1. What this does is to make iPhones compliant with the AML service which is widely used around the world, but not currently in the US as far as I’m aware.

      If you make an emergency call within any country supporting that protocol, the emergency services will automatically receive notification of your exact location so that there is no ambiguity about where you are.

      I would have been very grateful for such a feature a couple of years ago when my wife fell ill in the middle of the night while we were visiting a small town in the former east Germany. The emergency services operator didn’t speak any English ( in the GDR, people over the age of 40 were taught Russian as their second language ). I could speak enough German to make it clear that an ambulance was needed, but I was unable to pronounce the name of the street sufficiently well for them to work out where I was calling from. They decided that it might be one of two roads, so sent an ambulance to both. A system like AML would have entirely solved that problem and would have got the ambulance there much sooner and would have meant that I could have stayed in the AirBnB apartment with my wife, rather than having to stand on the street looking out for the ambulance.

  3. Google had this feature two years ago. Google was saving more lives than Apple for two years. I guess Google is more innovative than Apple if not more caring and responsible. Don’t ya think?

    1. Where’s the evidence? Can you come up with more than a single story with someone with a google phone declaring “oh yeah, this phone saved my life! They came right to me!”

    2. If you think it’s so important, what have you done to make sure that AML is adopted in America? Countries like Lithuania and Estonia fully implemented it four or five years ago. Why hasn’t the USA?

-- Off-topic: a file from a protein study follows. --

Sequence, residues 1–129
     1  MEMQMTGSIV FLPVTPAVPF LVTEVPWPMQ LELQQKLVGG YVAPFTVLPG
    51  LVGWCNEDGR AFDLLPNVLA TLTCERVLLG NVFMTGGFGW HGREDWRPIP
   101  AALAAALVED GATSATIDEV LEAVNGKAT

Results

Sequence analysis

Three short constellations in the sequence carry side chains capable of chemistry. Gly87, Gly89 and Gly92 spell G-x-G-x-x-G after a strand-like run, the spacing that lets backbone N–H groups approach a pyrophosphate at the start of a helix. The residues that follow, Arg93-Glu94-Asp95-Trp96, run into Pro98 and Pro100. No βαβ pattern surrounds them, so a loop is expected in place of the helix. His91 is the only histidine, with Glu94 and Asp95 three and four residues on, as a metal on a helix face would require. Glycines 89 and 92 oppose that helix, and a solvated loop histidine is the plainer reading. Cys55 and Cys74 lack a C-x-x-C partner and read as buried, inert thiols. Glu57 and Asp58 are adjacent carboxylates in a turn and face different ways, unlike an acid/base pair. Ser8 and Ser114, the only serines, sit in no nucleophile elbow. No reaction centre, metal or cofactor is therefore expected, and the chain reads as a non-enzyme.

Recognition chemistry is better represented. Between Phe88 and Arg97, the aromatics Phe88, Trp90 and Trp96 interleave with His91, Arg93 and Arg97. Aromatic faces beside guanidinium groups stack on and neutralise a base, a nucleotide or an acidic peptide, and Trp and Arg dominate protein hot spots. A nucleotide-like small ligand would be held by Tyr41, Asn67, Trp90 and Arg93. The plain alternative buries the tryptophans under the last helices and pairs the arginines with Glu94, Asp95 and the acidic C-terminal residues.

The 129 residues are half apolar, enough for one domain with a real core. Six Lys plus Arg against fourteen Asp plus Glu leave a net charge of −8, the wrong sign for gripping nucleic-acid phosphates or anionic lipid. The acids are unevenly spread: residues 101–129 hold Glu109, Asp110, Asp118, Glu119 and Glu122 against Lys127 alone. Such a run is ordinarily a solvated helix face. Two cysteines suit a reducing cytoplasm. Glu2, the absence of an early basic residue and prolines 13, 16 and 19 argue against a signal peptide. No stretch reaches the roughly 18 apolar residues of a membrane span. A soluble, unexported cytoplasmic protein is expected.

By the way, AML wasn’t developed by Google at all, it was developed by British Telecom and then built into the Android operating system and now into IOS.

      An interesting aspect of it is that when an emergency call is made, it automatically switches on cellular data if it had been switched off, checks with a time server to send a precise time and sends a invisible SMS message specifying the exact latitude and longitude to within 30 metres – often better than 15 metres. It connects via cellular or WiFi, whichever is stronger at that location. The location information is also verified via a ‘sanity check’, using other less precise location information to determine that the location is plausible. The precise location information reaches the emergency services within twenty seconds of the call being initiated.

      It has been rumoured that Apple had been uneasy about the fact that IMSI/EMEI information was being transmitted unencrypted. I don’t know how this privacy concern has been resolved, but the IMSI/EMEI data was necessary to identify the SIM card and handset used to make the call in the event of malicious calls.